Does Any Experienced Drivers Have Any Tips On Alley Docking?

Topic 6961 | Page 1

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Jon S.'s Comment
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I have a DOT test coming up and i'm really struggling to get the alley docking down. Is there any pointers on an easy way to do it and what tips do you have? What should I be looking for in my mirrors and how do I know when to straighten it out and when it put forward?

DOT:

Department Of Transportation

A department of the federal executive branch responsible for the national highways and for railroad and airline safety. It also manages Amtrak, the national railroad system, and the Coast Guard.

State and Federal DOT Officers are responsible for commercial vehicle enforcement. "The truck police" you could call them.

Heavy C's Comment
member avatar

The biggest key to alley dock is to figure out when to start following the trailer into the spot. I can tell you from my experience that I never relied on the mirrors at all for this maneuver. I was always hanging my head out the window watching the cones. Just remember to not be afraid to get that trailer turning. Also if I remember correctly that you don't want the tractor straight when your done, the examiner should be able to look down the left side of the trailer and see the tractor at an angle. At least it was that way in Maine. Of course like with any of the skills set up is going to be the key. If you get this part wrong then nothing is going to go right. Good luck

OWI:

Operating While Intoxicated

Jon S.'s Comment
member avatar

Thank you so much!!! Very big help!

David's Comment
member avatar

The biggest key to alley dock is to figure out when to start following the trailer into the spot. I can tell you from my experience that I never relied on the mirrors at all for this maneuver. I was always hanging my head out the window watching the cones. Just remember to not be afraid to get that trailer turning. Also if I remember correctly that you don't want the tractor straight when your done, the examiner should be able to look down the left side of the trailer and see the tractor at an angle. At least it was that way in Maine. Of course like with any of the skills set up is going to be the key. If you get this part wrong then nothing is going to go right. Good luck

I'd check with your examiner if it's okay to stick head out. Some will DQ you for that as it does pose a safety hazard.

Set up is the key though.

OWI:

Operating While Intoxicated

Scott O.'s Comment
member avatar

double-quotes-start.png

The biggest key to alley dock is to figure out when to start following the trailer into the spot. I can tell you from my experience that I never relied on the mirrors at all for this maneuver. I was always hanging my head out the window watching the cones. Just remember to not be afraid to get that trailer turning. Also if I remember correctly that you don't want the tractor straight when your done, the examiner should be able to look down the left side of the trailer and see the tractor at an angle. At least it was that way in Maine. Of course like with any of the skills set up is going to be the key. If you get this part wrong then nothing is going to go right. Good luck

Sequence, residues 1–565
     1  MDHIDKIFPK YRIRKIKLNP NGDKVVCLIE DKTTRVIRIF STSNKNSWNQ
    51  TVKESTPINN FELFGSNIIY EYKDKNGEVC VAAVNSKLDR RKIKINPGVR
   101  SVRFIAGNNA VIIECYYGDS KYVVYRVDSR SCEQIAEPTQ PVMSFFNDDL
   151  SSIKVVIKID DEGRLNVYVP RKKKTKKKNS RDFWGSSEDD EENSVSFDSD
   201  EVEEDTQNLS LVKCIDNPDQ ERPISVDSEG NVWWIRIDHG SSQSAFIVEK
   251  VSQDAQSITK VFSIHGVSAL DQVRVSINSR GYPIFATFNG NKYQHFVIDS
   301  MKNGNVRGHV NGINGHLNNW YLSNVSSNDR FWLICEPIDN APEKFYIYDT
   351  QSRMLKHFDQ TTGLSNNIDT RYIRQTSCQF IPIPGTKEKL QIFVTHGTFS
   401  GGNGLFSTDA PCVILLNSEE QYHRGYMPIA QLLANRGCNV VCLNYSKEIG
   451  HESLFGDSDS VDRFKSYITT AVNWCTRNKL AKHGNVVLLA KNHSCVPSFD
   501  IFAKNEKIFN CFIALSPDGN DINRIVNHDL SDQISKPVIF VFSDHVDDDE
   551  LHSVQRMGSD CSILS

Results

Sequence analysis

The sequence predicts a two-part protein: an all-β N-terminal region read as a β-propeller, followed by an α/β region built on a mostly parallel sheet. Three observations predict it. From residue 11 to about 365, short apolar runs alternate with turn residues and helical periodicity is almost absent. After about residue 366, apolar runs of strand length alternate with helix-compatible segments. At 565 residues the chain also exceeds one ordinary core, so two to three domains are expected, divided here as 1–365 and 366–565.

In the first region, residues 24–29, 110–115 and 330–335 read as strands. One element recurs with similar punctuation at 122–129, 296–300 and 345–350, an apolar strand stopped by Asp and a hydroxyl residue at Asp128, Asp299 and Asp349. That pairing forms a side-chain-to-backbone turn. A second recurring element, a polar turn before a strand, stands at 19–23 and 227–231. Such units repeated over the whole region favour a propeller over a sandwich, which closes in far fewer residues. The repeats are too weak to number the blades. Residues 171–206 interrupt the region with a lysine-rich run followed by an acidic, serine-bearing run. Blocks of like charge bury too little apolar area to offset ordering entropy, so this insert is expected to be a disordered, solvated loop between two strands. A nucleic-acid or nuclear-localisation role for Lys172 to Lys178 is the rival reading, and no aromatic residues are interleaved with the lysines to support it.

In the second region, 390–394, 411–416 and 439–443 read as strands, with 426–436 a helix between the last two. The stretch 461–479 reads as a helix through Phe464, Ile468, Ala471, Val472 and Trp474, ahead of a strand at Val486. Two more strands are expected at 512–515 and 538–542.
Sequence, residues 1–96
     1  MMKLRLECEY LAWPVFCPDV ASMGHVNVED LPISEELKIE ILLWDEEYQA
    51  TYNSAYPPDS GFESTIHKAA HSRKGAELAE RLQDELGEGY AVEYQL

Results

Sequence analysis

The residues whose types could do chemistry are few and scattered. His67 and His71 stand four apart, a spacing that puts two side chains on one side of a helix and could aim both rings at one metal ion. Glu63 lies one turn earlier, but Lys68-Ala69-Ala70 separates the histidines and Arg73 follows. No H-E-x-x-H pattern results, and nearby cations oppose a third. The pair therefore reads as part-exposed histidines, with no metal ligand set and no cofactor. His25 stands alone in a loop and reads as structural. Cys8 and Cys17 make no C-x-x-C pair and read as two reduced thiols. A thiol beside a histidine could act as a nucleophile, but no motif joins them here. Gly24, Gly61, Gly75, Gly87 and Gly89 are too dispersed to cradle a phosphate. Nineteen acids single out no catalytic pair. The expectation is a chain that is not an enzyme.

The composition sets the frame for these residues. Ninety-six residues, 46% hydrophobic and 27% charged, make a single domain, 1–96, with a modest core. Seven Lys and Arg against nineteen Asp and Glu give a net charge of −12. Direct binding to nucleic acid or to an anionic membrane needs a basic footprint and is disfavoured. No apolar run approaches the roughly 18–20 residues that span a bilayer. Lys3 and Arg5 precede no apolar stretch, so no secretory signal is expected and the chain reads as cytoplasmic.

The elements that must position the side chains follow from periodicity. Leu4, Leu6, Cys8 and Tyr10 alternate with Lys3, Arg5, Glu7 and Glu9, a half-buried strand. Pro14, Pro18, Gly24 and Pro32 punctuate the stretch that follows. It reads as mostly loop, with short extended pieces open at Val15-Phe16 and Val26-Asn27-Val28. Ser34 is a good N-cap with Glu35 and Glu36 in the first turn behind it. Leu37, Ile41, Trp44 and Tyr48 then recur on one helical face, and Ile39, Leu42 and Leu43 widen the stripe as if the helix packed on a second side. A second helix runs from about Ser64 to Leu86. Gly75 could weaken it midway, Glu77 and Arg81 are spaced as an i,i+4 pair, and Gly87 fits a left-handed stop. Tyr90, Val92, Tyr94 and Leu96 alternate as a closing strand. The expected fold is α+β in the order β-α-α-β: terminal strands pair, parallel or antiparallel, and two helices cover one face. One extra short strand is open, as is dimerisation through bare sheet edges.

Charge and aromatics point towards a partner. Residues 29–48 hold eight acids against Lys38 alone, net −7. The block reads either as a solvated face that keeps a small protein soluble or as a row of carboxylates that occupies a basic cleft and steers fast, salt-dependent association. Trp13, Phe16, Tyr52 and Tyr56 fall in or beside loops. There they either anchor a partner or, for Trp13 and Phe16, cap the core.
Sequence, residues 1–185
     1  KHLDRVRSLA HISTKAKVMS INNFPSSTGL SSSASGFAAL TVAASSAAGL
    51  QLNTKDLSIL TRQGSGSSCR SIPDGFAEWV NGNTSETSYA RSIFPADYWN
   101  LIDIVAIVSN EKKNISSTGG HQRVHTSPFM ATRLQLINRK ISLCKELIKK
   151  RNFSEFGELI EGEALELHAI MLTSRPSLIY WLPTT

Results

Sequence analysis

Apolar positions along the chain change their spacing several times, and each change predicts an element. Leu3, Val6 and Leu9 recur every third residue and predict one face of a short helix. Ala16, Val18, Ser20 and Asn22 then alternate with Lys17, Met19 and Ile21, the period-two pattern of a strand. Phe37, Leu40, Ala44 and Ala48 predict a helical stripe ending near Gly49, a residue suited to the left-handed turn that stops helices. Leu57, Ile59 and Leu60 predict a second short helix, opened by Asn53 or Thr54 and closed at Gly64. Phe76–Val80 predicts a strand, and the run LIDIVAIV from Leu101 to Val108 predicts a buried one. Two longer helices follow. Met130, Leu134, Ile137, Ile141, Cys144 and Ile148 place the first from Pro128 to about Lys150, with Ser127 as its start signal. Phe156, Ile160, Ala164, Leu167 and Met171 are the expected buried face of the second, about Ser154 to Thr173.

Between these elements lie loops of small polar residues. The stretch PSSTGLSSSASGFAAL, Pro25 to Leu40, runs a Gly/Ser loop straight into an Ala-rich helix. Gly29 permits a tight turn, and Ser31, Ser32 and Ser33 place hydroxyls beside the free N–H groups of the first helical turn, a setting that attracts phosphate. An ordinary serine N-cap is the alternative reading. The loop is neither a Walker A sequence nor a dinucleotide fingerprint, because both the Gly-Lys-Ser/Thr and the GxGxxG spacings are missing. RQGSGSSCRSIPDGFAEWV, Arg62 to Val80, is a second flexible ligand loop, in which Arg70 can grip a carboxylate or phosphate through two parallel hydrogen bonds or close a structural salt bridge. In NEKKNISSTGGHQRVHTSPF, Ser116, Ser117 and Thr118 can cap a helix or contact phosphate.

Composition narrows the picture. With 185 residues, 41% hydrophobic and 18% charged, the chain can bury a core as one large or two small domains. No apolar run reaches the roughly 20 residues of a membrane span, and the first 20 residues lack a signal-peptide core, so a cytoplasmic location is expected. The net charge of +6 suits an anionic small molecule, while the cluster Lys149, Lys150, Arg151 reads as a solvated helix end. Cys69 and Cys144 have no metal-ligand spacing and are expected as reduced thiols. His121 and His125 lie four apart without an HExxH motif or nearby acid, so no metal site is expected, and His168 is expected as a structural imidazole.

double-quotes-end.png

I'd check with your examiner if it's okay to stick head out. Some will DQ you for that as it does pose a safety hazard.

Set up is the key though.

Yeah that's how it is in Utah we was not allowed to hang out the window

OWI:

Operating While Intoxicated

Heavy C's Comment
member avatar

Well if I wasn't allowed to he never said anything to me. Either way just make sure you get yourself a good view of the trailer tandems so you know when to chase with that tractor.

Tandems:

Tandem Axles

A set of axles spaced close together, legally defined as more than 40 and less than 96 inches apart by the USDOT. Drivers tend to refer to the tandem axles on their trailer as just "tandems". You might hear a driver say, "I'm 400 pounds overweight on my tandems", referring to his trailer tandems, not his tractor tandems. Tractor tandems are generally just referred to as "drives" which is short for "drive axles".

Tandem:

Tandem Axles

A set of axles spaced close together, legally defined as more than 40 and less than 96 inches apart by the USDOT. Drivers tend to refer to the tandem axles on their trailer as just "tandems". You might hear a driver say, "I'm 400 pounds overweight on my tandems", referring to his trailer tandems, not his tractor tandems. Tractor tandems are generally just referred to as "drives" which is short for "drive axles".

Jason E.'s Comment
member avatar

I couldn't back for crap until my trainer shared this with me: You do not have to always have the wheels turned on the truck. Do not be afraid to straighten your truck wheels and let the trailer drift into place. This makes it a lot easier to chase since you have more time and less turning of the wheel, and it's much easier to add more pivot or stay neutral and easier to judge.

Also: Once the trailer is I'm the hole NEVER take it out. If that means pulling up six inches and going back and doing that ten times to only keep the ass in the spot then that's what you do.

After those tips I've been Docking 90 and 45 all day no problems. Good luck!

HOS:

Hours Of Service

HOS refers to the logbook hours of service regulations.
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